study

Mobile Banking

SoundingBox helped us to learn more about people's expectations on mobile bank sites.

Mobile devices are increasingly becoming the primary way people experience bank web sites. For banks it can be tricky to understand if people’s expectations differ between mobile and desktop.

In our 2016 dataset, top bank sites delivered a consistent experience across desktop and mobile. People were looking to accomplish the same tasks regardless of device.

The site made me feel relaxed, like everything is at my fingertips.
M, Millennial, Striver, Pragmatist, Follower
The SoundingBox dashboard
The Summary view shows a site’s scores and some interpretation. The emoticons indicate if a score is above, below, or at the average for the dataset. Here we see that Discover’s mobile site is above average for how happy it made participants. Clicking the tile loads responses sorted by that measure in the replay view.
The SoundingBox dashboard
The Comparison tab allows for cross-comparison of datasets, which are added from the panel on the left. Here we compare desktop (left set of circles) and mobile (right set of circles) experiences of the same site. The orange circle represents the selected site. We can see that for some metrics, such as Success, the site scores similarly in both datasets. But others, such as Flow, the site scored better on desktop compared to mobile.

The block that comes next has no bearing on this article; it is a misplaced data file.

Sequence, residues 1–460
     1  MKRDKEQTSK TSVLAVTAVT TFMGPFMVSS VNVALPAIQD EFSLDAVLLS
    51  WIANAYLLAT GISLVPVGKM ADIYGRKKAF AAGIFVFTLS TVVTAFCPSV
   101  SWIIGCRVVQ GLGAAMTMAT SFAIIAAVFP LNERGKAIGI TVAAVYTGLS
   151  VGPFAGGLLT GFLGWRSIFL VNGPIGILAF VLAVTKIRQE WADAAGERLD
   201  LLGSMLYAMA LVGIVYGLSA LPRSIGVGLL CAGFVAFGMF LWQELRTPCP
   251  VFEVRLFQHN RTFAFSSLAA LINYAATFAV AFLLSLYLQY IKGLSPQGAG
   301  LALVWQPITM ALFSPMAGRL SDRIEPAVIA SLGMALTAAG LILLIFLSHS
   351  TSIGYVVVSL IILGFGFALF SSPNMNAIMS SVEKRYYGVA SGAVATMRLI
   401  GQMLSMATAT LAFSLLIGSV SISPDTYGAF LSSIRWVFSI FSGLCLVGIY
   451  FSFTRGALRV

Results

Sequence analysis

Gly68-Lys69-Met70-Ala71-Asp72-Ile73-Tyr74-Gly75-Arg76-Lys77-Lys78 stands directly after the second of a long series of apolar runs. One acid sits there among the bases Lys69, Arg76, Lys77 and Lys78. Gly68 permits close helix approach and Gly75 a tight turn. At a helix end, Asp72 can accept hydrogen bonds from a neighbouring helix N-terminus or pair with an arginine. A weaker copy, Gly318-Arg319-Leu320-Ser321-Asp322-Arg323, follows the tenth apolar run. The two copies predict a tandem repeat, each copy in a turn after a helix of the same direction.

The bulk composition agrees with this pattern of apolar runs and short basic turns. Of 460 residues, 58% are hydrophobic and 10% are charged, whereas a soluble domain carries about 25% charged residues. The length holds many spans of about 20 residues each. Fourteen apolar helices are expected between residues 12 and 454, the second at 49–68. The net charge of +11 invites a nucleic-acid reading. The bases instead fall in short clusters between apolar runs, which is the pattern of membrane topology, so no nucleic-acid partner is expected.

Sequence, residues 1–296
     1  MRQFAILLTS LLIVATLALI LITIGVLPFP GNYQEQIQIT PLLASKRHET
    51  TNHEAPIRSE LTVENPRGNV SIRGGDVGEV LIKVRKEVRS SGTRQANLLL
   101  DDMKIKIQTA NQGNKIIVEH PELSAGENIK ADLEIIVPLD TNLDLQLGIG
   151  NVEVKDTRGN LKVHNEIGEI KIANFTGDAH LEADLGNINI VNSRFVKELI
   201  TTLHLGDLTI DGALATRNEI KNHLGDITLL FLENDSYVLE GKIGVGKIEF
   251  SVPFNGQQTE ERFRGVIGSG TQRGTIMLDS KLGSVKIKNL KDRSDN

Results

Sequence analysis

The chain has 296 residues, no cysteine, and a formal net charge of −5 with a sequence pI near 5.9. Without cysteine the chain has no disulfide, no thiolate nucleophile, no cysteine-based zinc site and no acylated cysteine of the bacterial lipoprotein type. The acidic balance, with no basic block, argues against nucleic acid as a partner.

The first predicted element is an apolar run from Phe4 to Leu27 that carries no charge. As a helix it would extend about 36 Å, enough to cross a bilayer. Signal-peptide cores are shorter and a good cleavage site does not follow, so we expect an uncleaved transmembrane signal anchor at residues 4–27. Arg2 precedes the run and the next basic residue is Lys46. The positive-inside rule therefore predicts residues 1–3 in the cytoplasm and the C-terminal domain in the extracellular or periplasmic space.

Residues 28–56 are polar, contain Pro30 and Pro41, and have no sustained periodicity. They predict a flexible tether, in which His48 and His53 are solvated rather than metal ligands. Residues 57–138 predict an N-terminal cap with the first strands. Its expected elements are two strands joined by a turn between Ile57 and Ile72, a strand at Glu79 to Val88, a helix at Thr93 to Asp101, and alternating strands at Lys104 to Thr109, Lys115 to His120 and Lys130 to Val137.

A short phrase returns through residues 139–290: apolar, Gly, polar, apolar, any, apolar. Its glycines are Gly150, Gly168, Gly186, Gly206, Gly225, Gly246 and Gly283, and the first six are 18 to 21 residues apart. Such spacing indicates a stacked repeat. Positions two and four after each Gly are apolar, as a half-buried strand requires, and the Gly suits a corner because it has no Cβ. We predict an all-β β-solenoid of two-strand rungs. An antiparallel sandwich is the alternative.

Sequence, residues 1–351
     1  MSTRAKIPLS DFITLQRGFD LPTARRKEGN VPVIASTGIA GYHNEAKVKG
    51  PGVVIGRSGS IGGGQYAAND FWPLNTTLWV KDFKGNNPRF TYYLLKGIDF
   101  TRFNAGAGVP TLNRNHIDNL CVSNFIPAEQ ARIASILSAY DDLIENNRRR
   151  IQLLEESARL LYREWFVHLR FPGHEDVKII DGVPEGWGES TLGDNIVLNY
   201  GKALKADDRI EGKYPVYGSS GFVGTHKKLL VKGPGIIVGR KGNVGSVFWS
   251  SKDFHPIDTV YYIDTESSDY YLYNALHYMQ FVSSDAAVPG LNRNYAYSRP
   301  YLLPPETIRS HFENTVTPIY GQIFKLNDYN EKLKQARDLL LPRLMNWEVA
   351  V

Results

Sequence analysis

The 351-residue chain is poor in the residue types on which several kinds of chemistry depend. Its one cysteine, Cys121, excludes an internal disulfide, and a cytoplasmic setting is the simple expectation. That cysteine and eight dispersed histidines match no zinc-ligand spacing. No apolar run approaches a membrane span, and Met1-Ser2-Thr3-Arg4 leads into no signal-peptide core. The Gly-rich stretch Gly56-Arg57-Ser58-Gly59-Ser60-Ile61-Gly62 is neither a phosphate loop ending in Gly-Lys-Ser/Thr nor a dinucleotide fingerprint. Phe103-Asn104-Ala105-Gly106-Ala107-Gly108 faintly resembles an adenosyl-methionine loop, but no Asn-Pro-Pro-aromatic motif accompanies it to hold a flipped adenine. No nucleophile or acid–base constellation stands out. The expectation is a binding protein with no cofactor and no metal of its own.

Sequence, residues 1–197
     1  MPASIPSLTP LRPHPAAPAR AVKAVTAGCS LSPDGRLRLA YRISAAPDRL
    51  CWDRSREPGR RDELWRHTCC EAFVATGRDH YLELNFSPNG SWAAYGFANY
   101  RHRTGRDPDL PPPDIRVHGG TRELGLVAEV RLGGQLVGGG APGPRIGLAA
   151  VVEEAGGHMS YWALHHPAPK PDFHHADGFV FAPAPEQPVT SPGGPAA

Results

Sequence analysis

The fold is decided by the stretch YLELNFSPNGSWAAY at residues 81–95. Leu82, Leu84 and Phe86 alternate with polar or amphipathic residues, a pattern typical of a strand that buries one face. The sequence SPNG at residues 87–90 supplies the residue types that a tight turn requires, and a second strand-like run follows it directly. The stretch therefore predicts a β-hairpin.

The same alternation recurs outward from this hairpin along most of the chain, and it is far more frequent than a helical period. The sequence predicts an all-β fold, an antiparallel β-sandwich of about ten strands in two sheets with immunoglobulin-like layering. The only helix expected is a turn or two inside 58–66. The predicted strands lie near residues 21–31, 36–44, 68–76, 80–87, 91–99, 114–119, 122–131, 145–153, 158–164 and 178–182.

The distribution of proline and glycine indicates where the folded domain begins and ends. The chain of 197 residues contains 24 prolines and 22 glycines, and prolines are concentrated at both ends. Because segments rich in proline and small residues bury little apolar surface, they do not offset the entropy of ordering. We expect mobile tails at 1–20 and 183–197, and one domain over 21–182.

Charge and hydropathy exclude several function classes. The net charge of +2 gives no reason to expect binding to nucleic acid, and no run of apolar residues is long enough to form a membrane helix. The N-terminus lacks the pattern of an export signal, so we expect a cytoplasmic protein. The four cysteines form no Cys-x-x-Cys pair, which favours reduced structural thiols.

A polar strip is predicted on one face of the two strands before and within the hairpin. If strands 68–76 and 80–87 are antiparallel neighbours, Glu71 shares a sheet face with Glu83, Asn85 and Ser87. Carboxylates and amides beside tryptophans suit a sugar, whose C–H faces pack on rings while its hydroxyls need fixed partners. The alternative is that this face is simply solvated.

A SoundingBox subscription makes it possible to discover

  • What kinds of expectations people have for mobile banking sites
  • Ways top sites ensure ease of use and success on mobile, and a few ways that always hinder people's experiences
  • How top-ranked sites use appealing visual design to distinguish themselves from competitors
  • What mobile design pattern puts people in a flow state
  • Why people felt more compelled to act on top-rated mobile bank sites

The sites in this study are

  • Ally
  • Aspiration
  • Bank of America
  • BB&T
  • Capital One 360
  • Discover
  • PNC
  • SunTrust
  • TD Bank
  • Wells Fargo